Friday, July 22, 2011


Part of processing our recent cria death is to think about what and why this may have happened. When we look back, we realize that on some level we knew something wasn't right. For one thing, we never named the little guy. We always talk about names the moment we know the color and sex of the new cria. We didn't. And when we think back to Victoria's behavior, we are pretty sure she knew too. While she fed the little guy, she never clucked to him, or taught him anything (like where the poop/pee pile was). Victoria has never been a hands on mom, but she has always had some bond to her cria.

I relate it back to the story of our cat Fluffy. Fluffy had a couple litters of kittens and they all died before we knew anything was wrong. I believe it was her third litter that we were ready to be hands on to make sure this litter lived. I was at the barn one day when Fluffy pushed two of the kittens out of the box they were all laying in. I was so mad at Fluffy! While I put those kittens back in the box, I lectured her about how they will die if she rejects them like that. All along I had been blaming Fluffy's poor parenting. When I picked up the kittens, I looked at them, and they seemed fine to me, but I knew they needed mamma's milk yet. Within 10 minutes those kittens were dead - it wasn't because she rejected them, they were dying and she pushed them out because she knew it. (I've since read that she may have a genetic defect or infection that would cause her offspring to die). It wasn't obvious to me yet, but nature had a way of telling Fluffy those kittens were dying. In the same way, I think Victoria knew little guy wasn't going to make it.

Even though we have had this intense heat wave, I do not believe that is what lead to the death of our little guy (I've decided to call him "little guy" since we never did name him). I say that because I saw him nurse, and I saw him pee (even the last night that I saw him alive). I also don't believe it was a birthing problem, because we saw the entire delivery and it was all text book. Victoria's bag of water broke in front of my eyes, she labored for a bit, then he presented exactly like he should, the labor was not prolonged or difficult. There was never a time during labor when I thought he could have been deprived of oxygen. And following the birth, he sat sternal and walked in a faster time frame than the text books say he should. When we checked him over briefly, everything looked ok. When we noticed the placenta was abnormal, we were relieved he was born alive.

I believe that during uterine development little guy did not get the necessary oxygen through the placenta. The placenta was not normal, and likely did not bring him the right nutrients. While he managed to develop normally on the outside, his brain did not appear to work as it should. He appeared to have problems seeing (he did not respond to me until I touched him), and did not appear to learn things (like where to poop and pee). I've heard his behavior referred to as a "dummy cria". From what I've been told, typically that is from a difficult birth where they were deprived oxygen. Given the birth was so textbook, but problems were noted with the placenta, I believe the problem was prior to his birth. Since Victoria had has previously had 4 healthy cria with perfectly normal placentas, we believe this was just a fluke thing that happens sometimes.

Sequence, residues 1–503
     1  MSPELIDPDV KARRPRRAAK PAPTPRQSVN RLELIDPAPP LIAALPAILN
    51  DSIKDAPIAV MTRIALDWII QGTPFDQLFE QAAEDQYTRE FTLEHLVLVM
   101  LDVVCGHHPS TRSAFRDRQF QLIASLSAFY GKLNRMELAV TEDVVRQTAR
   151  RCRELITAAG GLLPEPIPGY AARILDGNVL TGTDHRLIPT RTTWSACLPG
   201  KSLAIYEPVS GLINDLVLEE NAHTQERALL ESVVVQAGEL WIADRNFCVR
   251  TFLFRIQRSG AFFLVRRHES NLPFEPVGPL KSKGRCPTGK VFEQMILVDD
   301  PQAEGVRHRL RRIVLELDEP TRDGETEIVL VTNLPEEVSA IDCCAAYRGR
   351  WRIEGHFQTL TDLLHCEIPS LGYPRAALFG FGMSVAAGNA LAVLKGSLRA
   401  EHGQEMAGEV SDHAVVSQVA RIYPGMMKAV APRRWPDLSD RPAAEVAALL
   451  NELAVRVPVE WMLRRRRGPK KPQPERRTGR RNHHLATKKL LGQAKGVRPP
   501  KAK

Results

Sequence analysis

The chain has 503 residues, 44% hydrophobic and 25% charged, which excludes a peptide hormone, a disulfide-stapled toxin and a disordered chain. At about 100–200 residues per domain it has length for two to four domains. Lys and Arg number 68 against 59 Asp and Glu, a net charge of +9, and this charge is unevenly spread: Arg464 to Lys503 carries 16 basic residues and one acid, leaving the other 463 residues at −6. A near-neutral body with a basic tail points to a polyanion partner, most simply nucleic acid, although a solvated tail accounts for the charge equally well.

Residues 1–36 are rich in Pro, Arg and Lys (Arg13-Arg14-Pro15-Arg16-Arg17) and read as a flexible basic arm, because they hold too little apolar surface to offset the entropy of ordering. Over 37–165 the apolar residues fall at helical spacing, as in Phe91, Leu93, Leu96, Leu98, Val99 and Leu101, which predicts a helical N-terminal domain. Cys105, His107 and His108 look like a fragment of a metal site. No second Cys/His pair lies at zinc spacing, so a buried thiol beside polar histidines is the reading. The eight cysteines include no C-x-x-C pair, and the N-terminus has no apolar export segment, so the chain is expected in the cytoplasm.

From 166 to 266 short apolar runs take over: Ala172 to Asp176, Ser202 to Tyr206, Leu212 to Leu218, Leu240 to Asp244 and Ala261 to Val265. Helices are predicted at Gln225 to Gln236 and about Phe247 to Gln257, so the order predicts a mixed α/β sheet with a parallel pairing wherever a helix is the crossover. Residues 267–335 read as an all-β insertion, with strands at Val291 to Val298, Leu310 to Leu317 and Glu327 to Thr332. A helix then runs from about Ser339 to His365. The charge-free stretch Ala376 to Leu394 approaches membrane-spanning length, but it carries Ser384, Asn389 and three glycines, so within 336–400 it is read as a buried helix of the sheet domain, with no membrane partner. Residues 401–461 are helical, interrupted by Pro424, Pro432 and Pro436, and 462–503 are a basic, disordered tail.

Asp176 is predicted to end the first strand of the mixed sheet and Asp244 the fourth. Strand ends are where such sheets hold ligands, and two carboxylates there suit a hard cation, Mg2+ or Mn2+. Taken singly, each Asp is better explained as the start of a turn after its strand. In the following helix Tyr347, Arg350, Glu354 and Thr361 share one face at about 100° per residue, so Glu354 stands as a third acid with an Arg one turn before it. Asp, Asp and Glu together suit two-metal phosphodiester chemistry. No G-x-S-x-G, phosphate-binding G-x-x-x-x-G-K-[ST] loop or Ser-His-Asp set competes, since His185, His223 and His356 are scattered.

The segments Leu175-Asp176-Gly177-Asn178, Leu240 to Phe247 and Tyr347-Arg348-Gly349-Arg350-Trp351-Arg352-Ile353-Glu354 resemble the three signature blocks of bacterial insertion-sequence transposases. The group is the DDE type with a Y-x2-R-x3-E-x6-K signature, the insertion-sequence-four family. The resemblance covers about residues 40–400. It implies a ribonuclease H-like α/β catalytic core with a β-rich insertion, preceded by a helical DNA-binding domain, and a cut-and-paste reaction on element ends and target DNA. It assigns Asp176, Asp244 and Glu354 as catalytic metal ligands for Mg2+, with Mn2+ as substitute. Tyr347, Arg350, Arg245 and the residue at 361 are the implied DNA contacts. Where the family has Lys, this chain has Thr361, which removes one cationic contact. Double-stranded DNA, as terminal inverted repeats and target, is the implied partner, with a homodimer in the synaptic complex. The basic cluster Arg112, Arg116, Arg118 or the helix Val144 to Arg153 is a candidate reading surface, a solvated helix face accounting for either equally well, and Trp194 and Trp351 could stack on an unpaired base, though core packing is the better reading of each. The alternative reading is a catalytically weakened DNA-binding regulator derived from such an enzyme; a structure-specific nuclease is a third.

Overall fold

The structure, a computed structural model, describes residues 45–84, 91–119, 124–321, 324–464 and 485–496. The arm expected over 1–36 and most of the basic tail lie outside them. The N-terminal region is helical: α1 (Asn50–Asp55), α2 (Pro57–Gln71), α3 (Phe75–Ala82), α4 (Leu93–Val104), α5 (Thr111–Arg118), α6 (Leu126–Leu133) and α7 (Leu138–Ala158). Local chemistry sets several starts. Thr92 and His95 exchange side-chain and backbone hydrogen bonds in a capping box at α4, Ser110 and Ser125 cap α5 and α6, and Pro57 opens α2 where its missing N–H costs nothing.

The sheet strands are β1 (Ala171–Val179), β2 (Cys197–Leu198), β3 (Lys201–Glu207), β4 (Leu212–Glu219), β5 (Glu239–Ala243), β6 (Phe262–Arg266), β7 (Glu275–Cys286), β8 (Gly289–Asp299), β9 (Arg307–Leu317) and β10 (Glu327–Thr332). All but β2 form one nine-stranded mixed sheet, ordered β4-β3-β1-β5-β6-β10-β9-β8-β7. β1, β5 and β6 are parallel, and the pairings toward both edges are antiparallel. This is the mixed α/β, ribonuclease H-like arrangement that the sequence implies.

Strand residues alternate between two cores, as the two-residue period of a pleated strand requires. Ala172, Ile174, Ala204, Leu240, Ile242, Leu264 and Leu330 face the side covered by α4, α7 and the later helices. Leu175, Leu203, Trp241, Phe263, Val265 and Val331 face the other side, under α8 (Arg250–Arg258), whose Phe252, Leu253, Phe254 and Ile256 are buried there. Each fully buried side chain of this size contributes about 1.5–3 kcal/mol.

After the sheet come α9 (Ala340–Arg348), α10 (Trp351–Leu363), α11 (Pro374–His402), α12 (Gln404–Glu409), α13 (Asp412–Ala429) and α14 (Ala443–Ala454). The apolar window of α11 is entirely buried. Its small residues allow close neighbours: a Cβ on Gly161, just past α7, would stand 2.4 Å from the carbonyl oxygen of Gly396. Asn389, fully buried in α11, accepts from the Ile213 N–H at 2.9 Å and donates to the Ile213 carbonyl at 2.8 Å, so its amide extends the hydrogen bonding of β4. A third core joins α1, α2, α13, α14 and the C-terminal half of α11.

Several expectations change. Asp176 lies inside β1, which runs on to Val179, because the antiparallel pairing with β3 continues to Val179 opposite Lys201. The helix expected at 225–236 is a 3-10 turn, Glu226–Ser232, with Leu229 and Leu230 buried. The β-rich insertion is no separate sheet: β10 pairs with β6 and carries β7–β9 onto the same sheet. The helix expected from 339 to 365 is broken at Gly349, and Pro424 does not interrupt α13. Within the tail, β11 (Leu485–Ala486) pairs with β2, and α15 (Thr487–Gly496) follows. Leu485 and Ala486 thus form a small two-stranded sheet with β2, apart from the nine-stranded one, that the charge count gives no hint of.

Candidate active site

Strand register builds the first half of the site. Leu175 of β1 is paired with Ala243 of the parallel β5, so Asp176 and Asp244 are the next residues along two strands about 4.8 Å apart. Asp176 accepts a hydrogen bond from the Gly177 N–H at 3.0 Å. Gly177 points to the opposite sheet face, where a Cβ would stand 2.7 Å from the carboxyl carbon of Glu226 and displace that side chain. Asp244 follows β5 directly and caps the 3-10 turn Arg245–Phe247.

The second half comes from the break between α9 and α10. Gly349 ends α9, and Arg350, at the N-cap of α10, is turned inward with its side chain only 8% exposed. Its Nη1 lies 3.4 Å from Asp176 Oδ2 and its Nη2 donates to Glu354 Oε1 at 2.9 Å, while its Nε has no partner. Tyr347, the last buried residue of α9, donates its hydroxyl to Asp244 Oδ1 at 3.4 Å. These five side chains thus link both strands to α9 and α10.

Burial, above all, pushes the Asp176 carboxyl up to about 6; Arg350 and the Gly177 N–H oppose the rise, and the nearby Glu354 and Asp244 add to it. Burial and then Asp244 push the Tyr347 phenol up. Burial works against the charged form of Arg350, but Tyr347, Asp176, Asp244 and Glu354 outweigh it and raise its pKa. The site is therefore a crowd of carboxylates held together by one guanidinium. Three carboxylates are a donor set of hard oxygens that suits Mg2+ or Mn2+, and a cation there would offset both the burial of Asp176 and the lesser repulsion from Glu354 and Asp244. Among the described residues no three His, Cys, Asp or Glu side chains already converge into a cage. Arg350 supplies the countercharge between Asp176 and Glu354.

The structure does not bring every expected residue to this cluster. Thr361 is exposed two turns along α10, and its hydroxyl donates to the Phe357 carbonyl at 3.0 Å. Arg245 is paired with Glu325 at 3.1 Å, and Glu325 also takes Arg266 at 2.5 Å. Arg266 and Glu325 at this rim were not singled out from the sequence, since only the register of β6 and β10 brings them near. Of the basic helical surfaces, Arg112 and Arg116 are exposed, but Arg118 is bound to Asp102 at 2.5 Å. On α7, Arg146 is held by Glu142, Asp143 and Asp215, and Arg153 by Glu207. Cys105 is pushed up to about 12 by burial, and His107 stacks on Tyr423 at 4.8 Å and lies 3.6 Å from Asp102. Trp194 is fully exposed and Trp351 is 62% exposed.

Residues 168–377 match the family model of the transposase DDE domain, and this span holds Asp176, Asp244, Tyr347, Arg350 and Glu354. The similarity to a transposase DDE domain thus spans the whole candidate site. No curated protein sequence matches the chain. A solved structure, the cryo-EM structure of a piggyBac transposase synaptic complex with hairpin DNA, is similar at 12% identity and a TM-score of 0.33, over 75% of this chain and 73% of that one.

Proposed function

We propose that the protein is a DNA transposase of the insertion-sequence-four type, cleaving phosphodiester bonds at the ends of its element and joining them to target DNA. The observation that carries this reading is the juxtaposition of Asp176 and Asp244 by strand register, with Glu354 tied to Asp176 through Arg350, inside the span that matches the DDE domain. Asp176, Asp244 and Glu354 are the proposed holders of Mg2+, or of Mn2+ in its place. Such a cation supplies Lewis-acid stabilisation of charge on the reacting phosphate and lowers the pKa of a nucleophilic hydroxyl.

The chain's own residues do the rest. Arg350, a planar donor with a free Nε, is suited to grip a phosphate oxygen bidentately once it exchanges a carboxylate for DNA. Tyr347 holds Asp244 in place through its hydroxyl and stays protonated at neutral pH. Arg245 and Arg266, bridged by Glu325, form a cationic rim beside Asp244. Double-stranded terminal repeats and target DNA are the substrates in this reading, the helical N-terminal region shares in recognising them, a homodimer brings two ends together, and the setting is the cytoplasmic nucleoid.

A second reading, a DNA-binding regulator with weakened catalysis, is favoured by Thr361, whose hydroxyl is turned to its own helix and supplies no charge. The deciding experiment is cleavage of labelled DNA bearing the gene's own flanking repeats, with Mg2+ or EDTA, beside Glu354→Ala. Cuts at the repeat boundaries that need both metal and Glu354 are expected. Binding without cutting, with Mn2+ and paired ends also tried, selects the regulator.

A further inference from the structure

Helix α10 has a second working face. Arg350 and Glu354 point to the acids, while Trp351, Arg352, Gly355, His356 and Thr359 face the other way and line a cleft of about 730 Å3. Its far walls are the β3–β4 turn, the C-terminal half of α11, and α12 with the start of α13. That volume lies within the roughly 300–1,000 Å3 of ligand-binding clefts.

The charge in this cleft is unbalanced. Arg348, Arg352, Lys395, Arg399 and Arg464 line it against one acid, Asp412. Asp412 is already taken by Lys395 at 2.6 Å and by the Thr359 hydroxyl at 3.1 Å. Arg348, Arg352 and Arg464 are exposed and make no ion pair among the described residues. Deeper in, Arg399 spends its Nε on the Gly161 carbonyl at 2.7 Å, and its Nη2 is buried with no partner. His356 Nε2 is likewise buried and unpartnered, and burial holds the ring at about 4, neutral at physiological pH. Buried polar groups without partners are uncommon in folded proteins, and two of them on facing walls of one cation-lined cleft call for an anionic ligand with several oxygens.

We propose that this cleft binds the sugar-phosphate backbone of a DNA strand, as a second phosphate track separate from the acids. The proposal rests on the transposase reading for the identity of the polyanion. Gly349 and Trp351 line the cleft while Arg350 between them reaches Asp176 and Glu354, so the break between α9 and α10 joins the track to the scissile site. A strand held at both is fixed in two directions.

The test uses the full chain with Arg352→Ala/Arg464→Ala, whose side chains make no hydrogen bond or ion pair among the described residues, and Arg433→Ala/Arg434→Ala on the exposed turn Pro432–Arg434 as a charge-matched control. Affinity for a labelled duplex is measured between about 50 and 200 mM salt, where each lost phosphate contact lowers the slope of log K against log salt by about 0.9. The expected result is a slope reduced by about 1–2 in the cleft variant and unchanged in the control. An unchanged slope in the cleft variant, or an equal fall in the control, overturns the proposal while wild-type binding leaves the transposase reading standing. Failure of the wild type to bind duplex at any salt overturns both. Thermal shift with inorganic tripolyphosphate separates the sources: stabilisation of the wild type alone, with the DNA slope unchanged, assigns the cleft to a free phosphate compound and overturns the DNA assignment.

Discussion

While difficult, I think we have done a good job of processing this death. Living on a farm we are face to face with nature everyday. Death is part of nature, and we have had several animals die. In discussions with my kids, they were not yet bonded to this little guy, so it hasn't been as hard of a process for them. Last fall we had to put down our beloved family dog, Dottie, and that to them was the ultimate in sadness. Even now, talking about Dottie will bring choked up words and tears (and I admit, I'm just as bad as the kids). Little guy was not yet apart of our lives, and while sad, has been easier for the kids to cope with.

I learned something new about the grieving process. I found how therapeutic it can be to dig a grave. Last fall when we had to put Dottie down, J insisted on digging the grave (even though J had just had surgery and was not supposed to be doing that). I didn't understand then how the act of digging, the physical labor involved, can be part of this whole grieving process. I found little guy on a very hot morning when J wasn't going to be home until late. There was no choice but for me to dig a grave. I admit I didn't want to deal with any of it, but there I was forced to. I cried and dripped sweat while I dug that grave. But by the time I was done, and ready to put little guy in it, it felt like just the right closure. I dug his grave on the edge of the woods that overlooks the pasture. It seemed like the perfect place for him to rest.


Judi B said...

I'm all choked up just reading this story. Well done for processing it all so well, hope we will be able to do the same if we're ever faced with the loss of a cria.

Oak Haven Alpacas said...

Thank, Judi.

I really should add that my father works for hospice, so I grew up knowing about the grieving process. And I am a social worker, I raised my kids to be in touch with their feelings (my daughter at age 2 would say "I'm mad at you" instead of acting up). Not that we know it all, because I know I have my fair share of emotional outbursts (as do my kids), but I also think we know how to allow each other to have those emotional moments to work through our feelings.

The thing I am dreading at this point is the next cria that's born. It will be hard to trust that the next one will be ok. One step at a time though. No births today to worry about that just yet.

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